IT can define network filters that trigger a security response to protect both the client and the corporate assets on the network. Network threat detection includes the following methods:
- The type of traffic coming through the network adapter to protect against threats embedded in data.
- The rate of the activity (in desktop clients) to protect against distributed denial of service (DDoS) attacks.
When the system detects a threat, it immediately responds by isolating itself from the network to prevent the spreading of a contagion, or further participating in a DDoS attack. Network disconnection is handled by the network adapter, not the operating system’s network stack, to ensure the isolation is secured in hardware, beyond the reach of potentially invading stealthy crimeware.
The out-of-band remediation channel remains open for IT to remotely manage the system and restore it to service.
Staying Put – Minimizing Costs through Remote Remediation
According to industry studies, deskside and service-center calls make up only a small percent of PC problems in a typical business, but they take up the majority of the budget. When a visit is the result of an active threat, costs have already accumulated. Remote remediation minimizes the costs related to visits, and helps quickly return an employee back to productivity.
Intel AMT with KVM Remote Control put IT personnel in the driver’s seat – literally – with full remote control of a business client to enable the following capabilities:
- Remote/redirected boot – reboot to a clean state or redirect the boot device to a clean local or remote image, a diagnostics or remediation server, or other device.
- Serial-Over-LAN (SOL) console redirection to control the keyboard outside of the OS to perform tasks, such as editing BIOS settings from the service center—without user participation.
- Access asset information anytime, to identify “missing” or failed hardware components, and verify software version information.
- Guide a PC through a troubleshooting session without requiring user participation—even for complex issues such as BIOS issues, blue-screens, freezes, patch failures, and other “edge” software issues.
- Watch as BIOS, drivers, and the OS attempt to load, to identify problems with the boot process.
- Update BIOS settings, identify BIOS versions, or push a new BIOS version to the PC to resolve a particular problem.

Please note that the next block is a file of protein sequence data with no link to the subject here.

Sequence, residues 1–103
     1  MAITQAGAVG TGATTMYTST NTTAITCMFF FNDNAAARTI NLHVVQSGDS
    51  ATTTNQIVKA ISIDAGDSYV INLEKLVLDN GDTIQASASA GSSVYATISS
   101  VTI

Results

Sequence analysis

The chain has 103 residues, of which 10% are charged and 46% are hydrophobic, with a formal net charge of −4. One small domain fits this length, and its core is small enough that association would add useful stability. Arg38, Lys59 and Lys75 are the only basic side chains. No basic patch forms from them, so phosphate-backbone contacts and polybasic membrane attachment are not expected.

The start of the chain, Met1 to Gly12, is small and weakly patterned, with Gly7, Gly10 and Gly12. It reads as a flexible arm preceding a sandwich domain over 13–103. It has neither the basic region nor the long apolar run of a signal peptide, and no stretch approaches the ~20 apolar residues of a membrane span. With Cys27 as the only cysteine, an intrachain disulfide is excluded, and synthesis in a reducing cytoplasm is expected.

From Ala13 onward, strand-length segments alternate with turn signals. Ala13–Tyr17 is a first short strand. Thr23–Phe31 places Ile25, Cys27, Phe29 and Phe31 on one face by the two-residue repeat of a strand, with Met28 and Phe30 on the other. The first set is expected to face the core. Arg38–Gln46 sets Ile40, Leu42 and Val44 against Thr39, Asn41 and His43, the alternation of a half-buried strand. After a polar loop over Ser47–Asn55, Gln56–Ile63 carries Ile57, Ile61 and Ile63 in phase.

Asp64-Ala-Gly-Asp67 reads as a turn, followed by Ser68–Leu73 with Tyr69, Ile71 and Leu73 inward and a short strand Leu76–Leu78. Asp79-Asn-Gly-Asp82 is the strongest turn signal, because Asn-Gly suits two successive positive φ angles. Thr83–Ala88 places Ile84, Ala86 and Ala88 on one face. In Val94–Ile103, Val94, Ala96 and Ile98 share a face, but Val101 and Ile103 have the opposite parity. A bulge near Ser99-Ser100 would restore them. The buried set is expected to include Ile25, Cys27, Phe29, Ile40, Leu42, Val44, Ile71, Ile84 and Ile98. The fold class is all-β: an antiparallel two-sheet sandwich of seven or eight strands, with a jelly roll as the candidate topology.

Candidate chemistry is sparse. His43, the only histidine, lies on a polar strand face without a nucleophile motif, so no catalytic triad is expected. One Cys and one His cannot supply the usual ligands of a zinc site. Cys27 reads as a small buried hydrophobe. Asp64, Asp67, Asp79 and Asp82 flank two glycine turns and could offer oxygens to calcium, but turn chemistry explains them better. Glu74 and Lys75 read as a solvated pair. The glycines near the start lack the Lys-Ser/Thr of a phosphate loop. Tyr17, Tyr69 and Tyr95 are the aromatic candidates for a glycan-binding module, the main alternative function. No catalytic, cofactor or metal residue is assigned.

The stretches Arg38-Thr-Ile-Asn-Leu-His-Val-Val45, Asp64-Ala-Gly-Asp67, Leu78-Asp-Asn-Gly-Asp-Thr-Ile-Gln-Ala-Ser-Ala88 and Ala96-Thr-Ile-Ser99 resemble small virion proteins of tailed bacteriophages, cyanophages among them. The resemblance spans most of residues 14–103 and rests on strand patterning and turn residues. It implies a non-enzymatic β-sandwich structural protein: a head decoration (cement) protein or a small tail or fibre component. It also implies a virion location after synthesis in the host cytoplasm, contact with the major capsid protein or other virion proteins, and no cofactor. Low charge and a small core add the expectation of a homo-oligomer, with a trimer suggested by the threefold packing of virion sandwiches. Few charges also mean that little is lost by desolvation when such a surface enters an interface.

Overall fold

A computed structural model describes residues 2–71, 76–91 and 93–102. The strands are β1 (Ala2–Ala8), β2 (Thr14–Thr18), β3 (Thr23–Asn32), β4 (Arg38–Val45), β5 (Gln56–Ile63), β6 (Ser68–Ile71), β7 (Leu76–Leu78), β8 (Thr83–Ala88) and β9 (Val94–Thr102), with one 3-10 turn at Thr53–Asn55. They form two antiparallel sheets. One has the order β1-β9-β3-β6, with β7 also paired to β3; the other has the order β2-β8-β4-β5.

- Upload the persistent event log from non-volatile memory to identify the sequence of events (such as temperature spikes or an unauthorized software download) that occurred before the system failed.
- Restore an OS by pushing new copies of missing or corrupted files, such as .DLL files.
- Rebuild or upgrade the OS or fully reimage the hard drive remotely.
Hardware-based technologies help automate and simplify protection and remediation, thus reducing costs.
While today’s cyber-criminals use new stealthy techniques for targeted attacks on companies and organizations, business clients based on Intel Core vPro processors help thwart these threats with built-in, hardware-based security technologies. These Intel technologies work below the OS and provide hardware assistance to advanced security agents beyond the OS.
- Intel OS Guard, Intel TXT, and Intel VT help IT manage threats by preventing malware from invading below the OS.
- Intel IPT with PKI, Intel IPT with OPT, and Intel IPT with Protected Transaction Display help prevent identity theft using hardware-based security with software-based convenience and remediation response.
- Intel AES-NI and Intel Secure Key enable safer, faster encryption.
- Intel AT protects laptops and their data on the go.
- Intel® vPro Technology helps reduce the effort and cost of threat prevention and remediation.
All these built-in technologies, available only in systems based on Intel Core vPro processors, help keep companies and their data safer by protecting data and networks against today’s advanced persistent threats and targeted attacks. For more information, see www.intel.com/vpro.